Haskin's Travers Roundup: Memories in Bloom

Haskin's Travers Roundup: Memories in Bloom
Photo: NYRA/Adam Coglianese
Owner Eugene Melnyk's visit to the Saratoga winner's circle rekindled many memories.
Published in the Sept. 3, 2005 issue of The Blood-Horse
Sure, you can look at the 136th running of the Travers Stakes (gr. I) as just another day at the office for the high-powered firm of Pletcher and Velazquez, Inc. But to many of the people close to the victorious Flower Alley, this one was personal.

When Flower Alley charged past a gutsy Bellamy Road in the stretch and then drew clear to win by 2½ lengths, several stories began to unfold.

For the colt's owner, Eugene Melnyk, it brought feelings of nostalgia of a special time in his youth. But in the end, it was the events surrounding his purchase and naming of Flower Alley that made the whole story seem unreal.

Melnyk couldn't help but think back to those carefree days some 20 years ago when he and three of his buddies would make the nine-hour drive from Toronto to Saratoga. They'd find a motel room for $45 a night near Albany and immerse themselves in the Daily Racing Form, studying the past performances. The next step was drawing straws to see who was going to be the one to go to the track at seven in the morning to stake out a picnic spot. Then, later in the morning, they'd grab their cooler and their Forms and head to the Spa.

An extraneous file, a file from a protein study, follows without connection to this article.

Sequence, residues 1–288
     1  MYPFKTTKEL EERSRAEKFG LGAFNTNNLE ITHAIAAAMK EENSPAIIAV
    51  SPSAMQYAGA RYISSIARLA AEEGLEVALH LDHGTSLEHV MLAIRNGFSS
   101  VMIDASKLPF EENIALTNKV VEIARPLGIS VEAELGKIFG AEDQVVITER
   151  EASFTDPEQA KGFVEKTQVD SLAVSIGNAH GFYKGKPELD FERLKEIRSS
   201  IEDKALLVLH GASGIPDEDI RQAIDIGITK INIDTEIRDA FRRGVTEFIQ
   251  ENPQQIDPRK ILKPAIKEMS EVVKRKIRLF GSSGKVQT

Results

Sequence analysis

"We absolutely loved it," Melnyk said. "Now, to come back some 20 years later and not only run in the Travers, but win it, is an unbelievable thrill. I remember screaming during the race, but the rest of it was like a blank. You always dream, but when the dream becomes reality, it's just mind-boggling."

As special as those memories are, it was the realization of how he came to purchase Flower Alley and then name the colt that made this moment so unforgettable for Melnyk.

For years, Melnyk, who resides in Barbados, has spent millions on young horses at the sales. With experts like trainer Todd Pletcher and farm manager Phil Hronec picking out the highest-quality horseflesh, and all the vet tests and heart measurements that make the buying of horses such a precise science, Melnyk, on one occasion, decided to disregard all that and buy a horse from the heart.

That horse was a son of Distorted Humor   out of the Lycius mare Princess Olivia, whom Melnyk purchased for $165,000 at the 2003 Keeneland September yearling sale. Forget the experts; forget the heart measurements. Melnyk's reason for buying the colt was simple: one year earlier, his daughter, Olivia, had been born, and when he saw the name of the dam, he felt compelled to buy the horse.